Even for those who do want to improve the musical level of the sport, there are limits to what you can do in less than five minutes, especially when you’re working with a skater, a choreographer and a coach who may all have their own ideas of what they want.

“The problem is that these people don’t know any music,” says music writer David Hurwitz, who established a small side business on his CD-reviewing Web site, Classics Today, to advise figure skaters on their musical choices. Skaters tend to cling to what has done well before: “Carmen,” in various permutations, tops a list that includes a heavy dose of Russian ballet and dance music (“Swan Lake,” “Scheherazade”) and Spanish-themed works.

Just mood music

Increasingly popular, too, are film scores. “Film scores have no rhythm,” Hurwitz says. “It’s just mood music, not meant to be choreographed. But they do it anyway, because they liked the movie [and can] wear a funky costume.”

Even the musically knowledgeable do things to their musical selections that would outrage any purist. Alexander Goldstein, a Russian-born composer who has been arranging music for athletes since he worked with the Soviet figure skating and rhythmic gymnastics teams in the 1970s, points out that on his computer he can “make the music faster, make the music slower, without any degradation of the sound quality.” But that’s the least of his manipulation.

For the Japanese skater Miki Ando, the 2007 ladies’ world champion, Goldstein has assembled a short program from excerpts of Mozart’s Requiem. The problem is that no branch of figure skating, except ice dancing, allows words in the musical selections for its programs. Goldstein, therefore, had to creatively arrange the score. “I used the choir, but they don’t pronounce any words,” Goldstein says. The result is a kind of expressive vocalise that, as he says with a “what can I do” tone in his voice, “fulfills the figure skating requirements.”

Weisiger, whose mother is a concert pianist, also resorted to rewriting when helping Weiss assemble his 1998 Olympic program to Beethoven’s Piano Sonata No. 8 (“Pathetique”). She felt the music needed something more than a piano in the slow section, so she beefed up the arrangement with a cello and a clarinet.

“The guy who helped me arrange it said, ‘Beethoven is flipping over in his grave,’ ” Weisiger says. Perhaps not as much as Tchaikovsky is in reaction to Goldstein’s creation in 2007, for the male Japanese skater Daisuke Takahashi, of a hip-hop version of “Swan Lake.”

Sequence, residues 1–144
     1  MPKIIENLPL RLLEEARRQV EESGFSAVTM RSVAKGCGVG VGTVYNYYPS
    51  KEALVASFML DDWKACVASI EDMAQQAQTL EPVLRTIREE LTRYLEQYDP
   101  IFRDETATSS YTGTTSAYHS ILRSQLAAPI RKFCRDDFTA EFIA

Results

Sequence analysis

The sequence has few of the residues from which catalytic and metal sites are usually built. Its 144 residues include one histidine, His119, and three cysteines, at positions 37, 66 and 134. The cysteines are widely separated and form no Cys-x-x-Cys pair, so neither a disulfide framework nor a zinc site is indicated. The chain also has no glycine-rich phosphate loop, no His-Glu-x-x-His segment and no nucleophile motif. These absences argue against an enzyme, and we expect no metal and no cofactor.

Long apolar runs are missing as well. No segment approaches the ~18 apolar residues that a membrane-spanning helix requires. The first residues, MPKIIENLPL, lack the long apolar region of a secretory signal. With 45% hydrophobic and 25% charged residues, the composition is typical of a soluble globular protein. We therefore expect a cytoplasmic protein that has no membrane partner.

Non-masterpieces better?

There’s an argument to be made for using ballet music and film scores rather than more demanding works: If you’re going to chop a piece of music down into a four-minute segment, perhaps it’s better to use functional music that was written to be adapted to its users rather than masterpieces that can only suffer through abridgement — like the arrangement Goldstein prepared for the Canadian ice dancers Tessa Virtue and Scott Moir of the Adagietto from Mahler’s Fifth Symphony.

“You need something people can relate to, something that can evoke some kind of picture quickly,” Weisiger says, wondering how many iterations of “Phantom of the Opera” will be heard at this year’s Olympics.

In fact, some risk-takers have been rewarded, like the ice dancers Jayne Torvill and Christopher Dean, who did more than perhaps any other skaters to elevate the sport to an art form with, among other things, their signature dance to Ravel’s “Bolero.”

But coaches are still leery of putting their skaters at a disadvantage. Weisiger dreams of creating a routine to Debussy’s “Afternoon of a Faun”; “it’s just so ethereal,” she says. But one day when she played it at the rink, she says, “one of the young male coaches skated by and said, ‘Oh, God, don’t use that; that will put everyone to sleep.’ ” As a result, it’s back to the status quo, where “all the guys want to see the action hero,” she says, and adds, “and all the girls skate to something Spanish.”

Anne Midgette | February 14, 2010